2. If the pursuer’s delay in coming forward is unjustified, that is relevant to the question whether it is fair to proceed so long after the events in issue. In determining whether the pursuer's delay is unjustified, it must be firmly borne in mind that victims of sexual abuse are often unwilling to reveal or talk about their experiences for some time, and for good reason.
3. In assessing what prejudice has been caused by reason of delay, practitioners (and the court) need to consider what evidence directly relevant to the case has been lost through delay. For defenders, who have the burden to discharge, vague speculation that the lost documents or deceased witnesses might have assisted their case is not going to be enough. Also, and rather importantly, consideration needs to be given to the evidence that has survived the passage of time.
Defenders will in child abuse compensation cases argue prejudice, whether real or otherwise, as a matter of routine because of delay, and the courts clearly accept that in some situations prejudice can be very real, and will dismiss or stay claims. Section 17D means that prejudice and the right to a fair hearing are serious issues that those conducting child abuse litigation need to have at the forefront of their minds when advising on and preparing a case for proof.
Questions to start with
For those representing the pursuer, assessment of viability from the start of the case and throughout can make the difference between success and failure. The issues and questions to be considered are:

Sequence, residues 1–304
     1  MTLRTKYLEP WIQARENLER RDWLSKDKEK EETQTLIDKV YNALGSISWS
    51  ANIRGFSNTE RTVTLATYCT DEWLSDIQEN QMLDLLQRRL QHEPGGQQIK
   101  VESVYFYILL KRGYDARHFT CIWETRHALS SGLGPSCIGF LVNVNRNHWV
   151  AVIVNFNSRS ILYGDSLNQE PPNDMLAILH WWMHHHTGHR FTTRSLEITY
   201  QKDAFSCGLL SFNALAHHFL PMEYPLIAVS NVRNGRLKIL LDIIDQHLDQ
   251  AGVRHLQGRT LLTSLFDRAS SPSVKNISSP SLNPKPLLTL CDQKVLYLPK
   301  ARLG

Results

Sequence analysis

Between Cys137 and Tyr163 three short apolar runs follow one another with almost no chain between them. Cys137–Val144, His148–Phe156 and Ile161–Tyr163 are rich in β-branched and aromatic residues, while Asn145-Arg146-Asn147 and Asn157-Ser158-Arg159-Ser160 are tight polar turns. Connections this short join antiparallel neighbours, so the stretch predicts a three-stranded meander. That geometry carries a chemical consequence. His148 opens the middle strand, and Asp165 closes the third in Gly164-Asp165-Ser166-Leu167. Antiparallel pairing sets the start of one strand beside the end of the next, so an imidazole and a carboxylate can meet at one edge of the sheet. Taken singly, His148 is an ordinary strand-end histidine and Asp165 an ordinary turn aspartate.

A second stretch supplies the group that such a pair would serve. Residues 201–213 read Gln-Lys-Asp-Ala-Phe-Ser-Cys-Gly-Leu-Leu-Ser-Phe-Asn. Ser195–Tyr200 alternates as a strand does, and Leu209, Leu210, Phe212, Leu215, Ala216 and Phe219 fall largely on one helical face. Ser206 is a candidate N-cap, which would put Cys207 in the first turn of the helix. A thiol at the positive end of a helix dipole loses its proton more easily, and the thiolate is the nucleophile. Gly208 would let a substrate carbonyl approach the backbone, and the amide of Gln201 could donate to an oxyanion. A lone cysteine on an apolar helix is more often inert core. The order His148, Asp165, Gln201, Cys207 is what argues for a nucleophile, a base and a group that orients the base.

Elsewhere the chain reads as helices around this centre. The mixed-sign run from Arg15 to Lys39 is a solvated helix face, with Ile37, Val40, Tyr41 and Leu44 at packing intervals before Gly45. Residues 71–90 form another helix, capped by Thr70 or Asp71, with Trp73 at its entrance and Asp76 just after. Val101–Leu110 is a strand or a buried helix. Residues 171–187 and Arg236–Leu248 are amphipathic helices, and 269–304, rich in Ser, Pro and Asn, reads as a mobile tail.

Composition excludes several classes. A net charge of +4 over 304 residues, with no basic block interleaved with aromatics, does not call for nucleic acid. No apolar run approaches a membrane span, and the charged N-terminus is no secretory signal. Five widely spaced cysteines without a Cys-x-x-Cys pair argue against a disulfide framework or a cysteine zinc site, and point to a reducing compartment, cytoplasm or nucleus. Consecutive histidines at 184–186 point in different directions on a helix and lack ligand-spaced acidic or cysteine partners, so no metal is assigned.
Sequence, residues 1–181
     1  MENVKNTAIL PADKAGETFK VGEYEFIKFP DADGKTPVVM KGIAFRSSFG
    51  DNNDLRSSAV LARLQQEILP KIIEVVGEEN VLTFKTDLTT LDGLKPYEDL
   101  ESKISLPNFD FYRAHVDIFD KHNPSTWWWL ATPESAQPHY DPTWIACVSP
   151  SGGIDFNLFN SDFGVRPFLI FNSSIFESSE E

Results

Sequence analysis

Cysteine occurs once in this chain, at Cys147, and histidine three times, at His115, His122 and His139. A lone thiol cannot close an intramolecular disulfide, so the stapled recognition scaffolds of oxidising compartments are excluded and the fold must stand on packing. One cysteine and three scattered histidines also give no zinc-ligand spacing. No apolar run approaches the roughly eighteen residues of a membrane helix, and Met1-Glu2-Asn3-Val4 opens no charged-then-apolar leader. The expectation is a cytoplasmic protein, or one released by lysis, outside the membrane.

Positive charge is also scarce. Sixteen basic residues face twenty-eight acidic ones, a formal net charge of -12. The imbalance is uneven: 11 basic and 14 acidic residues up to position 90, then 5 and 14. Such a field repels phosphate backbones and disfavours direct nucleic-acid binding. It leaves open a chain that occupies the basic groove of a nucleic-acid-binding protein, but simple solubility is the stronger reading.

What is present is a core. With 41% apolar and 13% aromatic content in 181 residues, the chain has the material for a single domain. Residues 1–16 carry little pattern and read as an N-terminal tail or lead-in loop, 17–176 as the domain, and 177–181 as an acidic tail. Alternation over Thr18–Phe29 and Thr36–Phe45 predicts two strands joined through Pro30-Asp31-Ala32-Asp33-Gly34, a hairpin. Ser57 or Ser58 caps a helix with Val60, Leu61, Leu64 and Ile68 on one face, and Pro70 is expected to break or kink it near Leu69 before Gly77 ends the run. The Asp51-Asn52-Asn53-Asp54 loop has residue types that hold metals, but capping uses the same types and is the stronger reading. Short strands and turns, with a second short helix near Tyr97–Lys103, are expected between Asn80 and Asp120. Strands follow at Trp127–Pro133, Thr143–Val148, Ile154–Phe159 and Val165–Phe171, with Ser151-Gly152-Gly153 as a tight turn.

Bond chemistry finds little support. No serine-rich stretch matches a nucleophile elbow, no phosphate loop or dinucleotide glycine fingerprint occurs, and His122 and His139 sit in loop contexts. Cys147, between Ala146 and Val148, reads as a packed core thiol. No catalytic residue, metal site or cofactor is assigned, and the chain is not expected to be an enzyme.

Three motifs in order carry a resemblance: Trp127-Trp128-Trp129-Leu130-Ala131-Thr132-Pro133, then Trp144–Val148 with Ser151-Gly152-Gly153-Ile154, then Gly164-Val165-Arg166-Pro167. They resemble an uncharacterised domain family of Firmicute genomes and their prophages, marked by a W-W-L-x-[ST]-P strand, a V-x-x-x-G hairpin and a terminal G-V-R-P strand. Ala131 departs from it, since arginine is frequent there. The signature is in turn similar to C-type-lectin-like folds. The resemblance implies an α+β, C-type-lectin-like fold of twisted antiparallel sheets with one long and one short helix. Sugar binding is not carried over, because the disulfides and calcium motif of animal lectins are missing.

- Can the client’s allegations be proved on the balance of probability (the more serious the allegation, the greater the challenge)?
- Is there a criminal conviction, and if so are there surviving court or prosecution papers, and if so do they help prove the allegations?
- When did the client first disclose, and to whom, and why?
- Did the client complain outside the criminal arena, and if so what happened?
- Is the alleged abuser still alive?
- What was the reason for delay in coming forward?
- If there is a reason for delay, does it stand up to scrutiny?
- How good an account is the client able to give?
- Is causation problematic?
- What might a defence be?
- Is there any real prejudice caused by the delay?
If there are “negatives”, can these be remedied? For example, there were criminal proceedings and the alleged abuser was acquitted, but is there an explanation, such as evidence withheld from the jury?
The above list is useful of course for those representing the defender when assessing the case being advanced by the pursuer, but conversely it is useful as a checklist for both parties when considering whether there is prejudice, and if so how relevant it is to the case.